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Was Atal Bihari Vajpayee ‘Anti-National’ for Questioning 1962 War?

If not, then why is the ruling government posing doubts about the loyalty of those questioning the surgical strikes?

Updated
Politics
4 min read
India’s former Prime Minister Atal Bihari Vajpayee. (Photo: PTI)

On Friday, former Congress MP Mani Shankar Aiyar reminded India Today’s Karan Thapar of one of Atal Bihari Vajpayee's speeches, in which the BJP veteran tore into Jawaharlal Nehru over his government’s “failure” during the 1962 India-China War.

Thapar raised a question to his panel – in the light of BJP President Amit Shah’s statements – if it was seditious to raise questions against the government or the India Army.

According to Aiyar, the dissension within the polity began after the BJP went public about the surgical strikes without taking everyone into confidence. On 29 September Director General of Military Operations Lt Gen Ranbir Singh announced that the Indian Army had entered Pakistan Occupied Kashmir and destroyed seven terror launchpads.

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Pakistan and a few international media organisations questioned the authenticity of the surgical strikes. Opposition leaders, who have stood in support of the strikes, asked the government to shut down the questions by showing the proof of the strikes.

The government did not take too well to the demand of proof and lashed out at those asking for it. Words like “loyalty”, “patriotism”, “anti-national”, and “traitor” became synonymous to “enquiry” and “questions”.

However, Former Congress MP Aiyar drove the debate home by refreshing the memories of Vajpayee’s 1962 offensive against the then Prime Minister Nehru as the nation went to war with China.

On 8 November 1962, Vajpayee made the Nehru-led government resume Rajya Sabha proceedings in the middle of the India-China war.
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Following are excerpts from Vajpayee’s speech on 9 November 1962, retrieved from the Rajya Sabha archives:

(Photo: Shalaka Shinde/<b>The Quint</b>)
(Photo: Shalaka Shinde/The Quint)
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(Photo: Shalaka Shinde/<b>The Quint</b>)
(Photo: Shalaka Shinde/The Quint)
(Photo: Shalaka Shinde/<b>The Quint</b>)
(Photo: Shalaka Shinde/The Quint)
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(Photo: Shalaka Shinde/<b>The Quint</b>)
(Photo: Shalaka Shinde/The Quint)
(Photo: Shalaka Shinde/<b>The Quint</b>)
(Photo: Shalaka Shinde/The Quint)
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Vajpayee’s 1962 Comment is Congress’ Seasoned Political Weapon

This is not, however, the first time that the Congress has used Vajpayee’s statements, against NDA governments.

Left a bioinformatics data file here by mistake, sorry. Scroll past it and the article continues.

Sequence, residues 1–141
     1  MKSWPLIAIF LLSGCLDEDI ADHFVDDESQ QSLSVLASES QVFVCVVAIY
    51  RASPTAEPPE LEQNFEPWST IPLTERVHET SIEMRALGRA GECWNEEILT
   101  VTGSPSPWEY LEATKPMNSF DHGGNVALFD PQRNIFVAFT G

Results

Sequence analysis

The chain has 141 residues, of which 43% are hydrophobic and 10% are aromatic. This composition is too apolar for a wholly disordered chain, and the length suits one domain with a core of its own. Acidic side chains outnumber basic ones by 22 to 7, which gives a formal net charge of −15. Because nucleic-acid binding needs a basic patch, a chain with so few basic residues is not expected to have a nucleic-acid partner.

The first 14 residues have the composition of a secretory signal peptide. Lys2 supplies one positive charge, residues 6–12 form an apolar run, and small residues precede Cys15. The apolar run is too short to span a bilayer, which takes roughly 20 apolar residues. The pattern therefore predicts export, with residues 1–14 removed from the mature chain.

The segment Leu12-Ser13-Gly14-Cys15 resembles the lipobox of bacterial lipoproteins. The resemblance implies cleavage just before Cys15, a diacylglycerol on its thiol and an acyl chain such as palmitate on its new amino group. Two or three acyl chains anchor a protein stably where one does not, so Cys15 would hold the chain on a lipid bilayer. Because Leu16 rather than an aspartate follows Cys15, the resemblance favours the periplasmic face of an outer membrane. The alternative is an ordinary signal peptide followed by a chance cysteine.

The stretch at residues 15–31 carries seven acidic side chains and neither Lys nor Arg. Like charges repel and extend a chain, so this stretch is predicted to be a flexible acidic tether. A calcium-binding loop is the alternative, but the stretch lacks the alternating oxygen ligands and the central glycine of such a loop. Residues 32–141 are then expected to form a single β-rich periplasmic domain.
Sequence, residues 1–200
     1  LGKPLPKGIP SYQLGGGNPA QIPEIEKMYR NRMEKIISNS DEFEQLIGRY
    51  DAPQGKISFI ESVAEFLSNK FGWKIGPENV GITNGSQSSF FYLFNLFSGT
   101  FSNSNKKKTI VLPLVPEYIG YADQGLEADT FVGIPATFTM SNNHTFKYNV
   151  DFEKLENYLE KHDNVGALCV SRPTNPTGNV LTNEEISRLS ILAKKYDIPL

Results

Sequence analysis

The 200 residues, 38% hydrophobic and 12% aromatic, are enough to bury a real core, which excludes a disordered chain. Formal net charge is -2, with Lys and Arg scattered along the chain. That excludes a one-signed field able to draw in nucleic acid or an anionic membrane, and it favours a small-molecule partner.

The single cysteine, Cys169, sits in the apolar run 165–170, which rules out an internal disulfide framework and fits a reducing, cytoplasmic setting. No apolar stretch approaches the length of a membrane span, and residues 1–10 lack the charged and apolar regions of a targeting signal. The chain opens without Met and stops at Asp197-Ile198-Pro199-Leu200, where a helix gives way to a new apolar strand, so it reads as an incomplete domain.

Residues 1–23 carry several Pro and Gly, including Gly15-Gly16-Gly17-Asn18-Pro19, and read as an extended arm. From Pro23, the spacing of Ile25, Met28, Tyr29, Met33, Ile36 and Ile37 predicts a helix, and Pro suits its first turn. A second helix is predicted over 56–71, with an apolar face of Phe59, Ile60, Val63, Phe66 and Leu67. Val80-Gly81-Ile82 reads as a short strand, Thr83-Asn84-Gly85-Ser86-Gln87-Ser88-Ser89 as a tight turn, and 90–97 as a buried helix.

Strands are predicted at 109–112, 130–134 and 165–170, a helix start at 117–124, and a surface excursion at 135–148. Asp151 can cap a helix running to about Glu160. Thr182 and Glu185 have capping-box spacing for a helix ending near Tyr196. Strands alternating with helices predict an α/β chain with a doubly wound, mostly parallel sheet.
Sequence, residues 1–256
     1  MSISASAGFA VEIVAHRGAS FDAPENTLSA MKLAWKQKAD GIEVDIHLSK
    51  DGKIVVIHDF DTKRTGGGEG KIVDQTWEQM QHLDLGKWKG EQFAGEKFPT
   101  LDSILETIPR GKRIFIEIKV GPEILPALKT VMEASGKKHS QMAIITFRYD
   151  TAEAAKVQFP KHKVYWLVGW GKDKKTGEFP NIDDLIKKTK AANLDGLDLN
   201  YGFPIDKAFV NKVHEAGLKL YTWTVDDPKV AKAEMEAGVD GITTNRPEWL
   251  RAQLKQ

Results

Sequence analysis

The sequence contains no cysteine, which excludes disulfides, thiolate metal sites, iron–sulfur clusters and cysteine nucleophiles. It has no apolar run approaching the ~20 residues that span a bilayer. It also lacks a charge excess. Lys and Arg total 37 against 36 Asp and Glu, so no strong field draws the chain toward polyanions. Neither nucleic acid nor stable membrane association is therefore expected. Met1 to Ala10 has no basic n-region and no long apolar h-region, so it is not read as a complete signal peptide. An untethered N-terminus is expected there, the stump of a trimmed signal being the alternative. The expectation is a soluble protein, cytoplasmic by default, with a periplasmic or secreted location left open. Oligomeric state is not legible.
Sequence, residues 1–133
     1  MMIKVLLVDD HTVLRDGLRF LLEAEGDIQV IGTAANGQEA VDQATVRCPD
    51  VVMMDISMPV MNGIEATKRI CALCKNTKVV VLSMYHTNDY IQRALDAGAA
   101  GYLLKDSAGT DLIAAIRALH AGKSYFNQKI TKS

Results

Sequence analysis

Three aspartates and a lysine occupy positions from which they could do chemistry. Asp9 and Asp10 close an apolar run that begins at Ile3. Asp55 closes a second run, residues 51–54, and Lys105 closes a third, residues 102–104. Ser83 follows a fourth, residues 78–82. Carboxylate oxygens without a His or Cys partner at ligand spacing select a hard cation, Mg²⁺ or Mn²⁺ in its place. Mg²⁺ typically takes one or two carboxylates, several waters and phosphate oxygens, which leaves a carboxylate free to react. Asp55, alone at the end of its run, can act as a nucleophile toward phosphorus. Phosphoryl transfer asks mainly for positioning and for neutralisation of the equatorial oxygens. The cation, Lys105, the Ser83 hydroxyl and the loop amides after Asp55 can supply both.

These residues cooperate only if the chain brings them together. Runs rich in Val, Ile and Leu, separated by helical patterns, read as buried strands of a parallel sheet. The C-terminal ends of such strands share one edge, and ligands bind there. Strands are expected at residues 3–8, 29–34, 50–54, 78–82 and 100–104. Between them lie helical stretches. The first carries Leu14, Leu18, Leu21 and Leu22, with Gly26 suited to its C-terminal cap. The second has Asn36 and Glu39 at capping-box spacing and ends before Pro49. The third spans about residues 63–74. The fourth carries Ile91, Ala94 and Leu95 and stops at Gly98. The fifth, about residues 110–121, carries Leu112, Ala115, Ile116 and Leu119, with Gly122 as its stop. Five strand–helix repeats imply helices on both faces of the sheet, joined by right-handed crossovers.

The latest example is to control the damage caused by Congress Vice President Rahul Gandhi’s statement against Modi politicising the death of soldiers and surgical strikes.

The main Opposition party is facing some serious flak over Gandhi’s statements.

During the 1999 Kargil conflict, when Vajpayee was the Prime Minister, Congress demanded a session of the Rajya Sabha to discuss the situation.

Mr Vajpayee was least bothered then, about the desirability of the entire Opposition standing completely unitedly with our armed forces and to back the government in crisis. The long speech of Mr Vajpayee dated 9 November 1962 in the Rajya Sabha is to say the least intemperate and unbalanced.
Congress statement in 1999

Aiyar himself has used the 1962 Vajapayee statement as a weapon on earlier occasions. Part of an article written by him on 27 March 2015 on NDTV reads:

His (Vajpayee) high moment came in October 1962 when, at the peak of the Chinese invasion, he led a four-member delegation to see Nehru to persuade him to convene the Rajya Sabha. Nehru agreed, and Vajpayee launched into a scathing attack on Nehru’s foreign and defence policies. He was given his full head without interruption. It is a pity, therefore, that when the Opposition was calling for a debate on the Kargil invasion, Vajpayee ducked it, failing pathetically to rise to Nehru’s stature. 
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Aiyar also referred to the United Kingdom’s House of Commons, which remained in session through the two World Wars, and was severely critical of the government, even as the wars were raging.

Pointing towards an eventuality favourable to the Congress, Aiyar pointed out, that even the victorious Churchill lost the election right after the second World War.

(With inputs from The Tribune, NDTV , and India Today.)

(At The Quint, we are answerable only to our audience. Play an active role in shaping our journalism by becoming a member. Because the truth is worth it.)

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